In his squad-room locker, his supervisor found what was described by Lincoln as a “trophy binder,” containing copies of reports in which Hogan had used force.
Some of his colleagues said they cringed when Hogan responded as backup to their calls, believing his presence increased the likelihood that they’d have to fight their way out of what had been a calm situation.
“I would constantly dread every call that I went to with Officer Hogan as I believed that he would cause it to be needlessly stressful and chaotic due to his abrasive and overtly aggressive behavior,” Officer Zack Anderson wrote in a memo to Chief Villa in a July 2011 statement ordered as part of an internal investigation.
Hogan and Tukwila were sued by two men, Alvin Walker and Robert Turner, over incidents where violence ensued after Hogan arrived.
Walker suffered a broken elbow in June 2011 in what Lincoln, the assistant chief, determined was a “brutal” and unnecessary takedown of a man who was cooperative and obviously intoxicated. He settled his lawsuit for $150,000, according to court and internal-affairs documents.
According to the department’s investigation into the Turner incident, police had responded to a report of shots fired at a car-club party being held at Turner’s house in April 2011. The initial officers on the scene found no weapons and reported the crowd was “very cooperative” until Hogan got into a fight with Turner, requiring other officers to join in.
Turner’s ankle was broken — he believes Hogan was responsible — and claimed in his lawsuit that Hogan commented, “This one isn’t going to play basketball anymore” when he heard the bone snap.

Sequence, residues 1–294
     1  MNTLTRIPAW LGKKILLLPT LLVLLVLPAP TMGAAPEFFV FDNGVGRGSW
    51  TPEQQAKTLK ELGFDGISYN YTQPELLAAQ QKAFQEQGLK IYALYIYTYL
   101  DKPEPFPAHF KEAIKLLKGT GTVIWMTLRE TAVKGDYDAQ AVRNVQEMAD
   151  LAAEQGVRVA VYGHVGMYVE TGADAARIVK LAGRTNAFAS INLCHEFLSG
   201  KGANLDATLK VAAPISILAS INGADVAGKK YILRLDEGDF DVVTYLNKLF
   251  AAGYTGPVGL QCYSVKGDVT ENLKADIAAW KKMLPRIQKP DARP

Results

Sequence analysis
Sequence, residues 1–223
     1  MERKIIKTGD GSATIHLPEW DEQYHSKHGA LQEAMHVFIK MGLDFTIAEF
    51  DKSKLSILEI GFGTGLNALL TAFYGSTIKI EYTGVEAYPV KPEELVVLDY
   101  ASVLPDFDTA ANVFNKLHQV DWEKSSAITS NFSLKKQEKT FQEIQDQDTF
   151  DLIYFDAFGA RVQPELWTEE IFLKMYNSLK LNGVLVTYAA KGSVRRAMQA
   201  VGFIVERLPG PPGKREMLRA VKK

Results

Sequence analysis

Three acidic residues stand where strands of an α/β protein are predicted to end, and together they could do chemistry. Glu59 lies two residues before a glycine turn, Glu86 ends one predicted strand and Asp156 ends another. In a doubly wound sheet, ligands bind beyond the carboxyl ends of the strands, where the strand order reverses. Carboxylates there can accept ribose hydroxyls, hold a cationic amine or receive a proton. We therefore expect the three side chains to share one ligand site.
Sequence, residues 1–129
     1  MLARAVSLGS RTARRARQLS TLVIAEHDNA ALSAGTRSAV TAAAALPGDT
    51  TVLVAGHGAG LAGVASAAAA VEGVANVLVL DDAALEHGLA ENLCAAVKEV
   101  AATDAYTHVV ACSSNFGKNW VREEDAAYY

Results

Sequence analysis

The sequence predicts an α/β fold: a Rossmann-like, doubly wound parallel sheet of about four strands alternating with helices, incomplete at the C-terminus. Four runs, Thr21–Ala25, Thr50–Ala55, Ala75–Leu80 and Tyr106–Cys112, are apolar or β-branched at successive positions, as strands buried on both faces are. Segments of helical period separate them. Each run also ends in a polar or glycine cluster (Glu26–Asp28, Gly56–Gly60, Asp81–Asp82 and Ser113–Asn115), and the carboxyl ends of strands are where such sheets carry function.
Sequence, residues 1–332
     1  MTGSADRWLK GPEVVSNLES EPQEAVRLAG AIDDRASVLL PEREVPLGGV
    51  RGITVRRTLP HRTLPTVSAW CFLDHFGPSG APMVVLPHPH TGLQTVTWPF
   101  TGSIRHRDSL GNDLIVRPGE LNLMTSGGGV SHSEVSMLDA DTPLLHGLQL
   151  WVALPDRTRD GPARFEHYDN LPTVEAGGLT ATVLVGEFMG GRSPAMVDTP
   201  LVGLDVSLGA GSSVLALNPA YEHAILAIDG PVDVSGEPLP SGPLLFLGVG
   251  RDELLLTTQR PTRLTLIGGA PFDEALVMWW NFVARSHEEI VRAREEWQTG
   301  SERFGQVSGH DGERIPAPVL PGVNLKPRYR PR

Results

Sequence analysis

Tukwila police concluded that Hogan used excessive force in a third incident on May 20, 2011, involving a prisoner he had transported to Harborview Medical Center to have a cut lip stitched. According to the internal-affairs documents, Hogan delivered three “knee-strikes” to the handcuffed man’s head in the back seat of the patrol car when he refused to get out.
Inside the hospital, a nurse reported that Hogan shoved the shackled man hard up against a wall in the triage room, took him to the floor and then had hospital staff put him in four-point restraints. A few minutes later, Hogan sprayed the restrained man with pepper-spray inside the hospital, requiring officials to decontaminate the ER. Hospital security officials alerted Tukwila to the incident, according to internal-affair documents.
Hogan justified his behavior by saying the handcuffed man had lunged at him and made threats.
Information in this article, originally published Oct. 25, 2015, was corrected Oct. 27, 2015. A previous version of this story mischaracterized the city’s willingness to speak with a Seattle Times reporter. The story said city officials had repeatedly turned down requests for interviews to discuss Hogan and his work history. In fact, Mayor Matthew Larson and other officials initially spoke to the reporter by phone, but Larson declined to be interviewed in person unless an editor was present. The Times did not agree to that stipulation. From then on, all communication between the newspaper and the city was done via email. As the story noted, the city’s attorney did provide written responses to the reporter’s emailed questions.